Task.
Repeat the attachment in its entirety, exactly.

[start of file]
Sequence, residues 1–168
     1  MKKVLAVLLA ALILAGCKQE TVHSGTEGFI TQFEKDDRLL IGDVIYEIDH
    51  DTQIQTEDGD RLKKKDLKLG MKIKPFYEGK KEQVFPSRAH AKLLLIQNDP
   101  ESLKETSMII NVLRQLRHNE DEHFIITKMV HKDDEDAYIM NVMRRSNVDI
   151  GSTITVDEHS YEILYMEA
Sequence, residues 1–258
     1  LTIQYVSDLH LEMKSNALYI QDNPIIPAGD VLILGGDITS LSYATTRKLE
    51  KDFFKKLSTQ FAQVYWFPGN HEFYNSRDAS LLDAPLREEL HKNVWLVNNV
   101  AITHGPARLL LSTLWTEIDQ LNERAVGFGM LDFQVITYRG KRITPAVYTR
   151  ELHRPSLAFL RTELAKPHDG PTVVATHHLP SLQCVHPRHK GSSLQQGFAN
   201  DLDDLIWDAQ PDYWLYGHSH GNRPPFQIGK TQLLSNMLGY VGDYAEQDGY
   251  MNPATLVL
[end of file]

Sequence, residues 1–168
     1  MKKVLAVLLA ALILAGCKQE TVHSGTEGFI TQFEKDDRLL IGDVIYEIDH
    51  DTQIQTEDGD RLKKKDLKLG MKIKPFYEGK KEQVFPSRAH AKLLLIQNDP
   101  ESLKETSMII NVLRQLRHNE DEHFIITKMV HKDDEDAYIM NVMRRSNVDI
   151  GSTITVDEHS YEILYMEA
Sequence, residues 1–258
     1  LTIQYVSDLH LEMKSNALYI QDNPIIPAGD VLILGGDITS LSYATTRKLE
    51  KDFFKKLSTQ FAQVYWFPGN HEFYNSRDAS LLDAPLREEL HKNVWLVNNV
   101  AITHGPARLL LSTLWTEIDQ LNERAVGFGM LDFQVITYRG KRITPAVYTR
   151  ELHRPSLAFL RTELAKPHDG PTVVATHHLP SLQCVHPRHK GSSLQQGFAN
   201  DLDDLIWDAQ PDYWLYGHSH GNRPPFQIGK TQLLSNMLGY VGDYAEQDGY
   251  MNPATLVL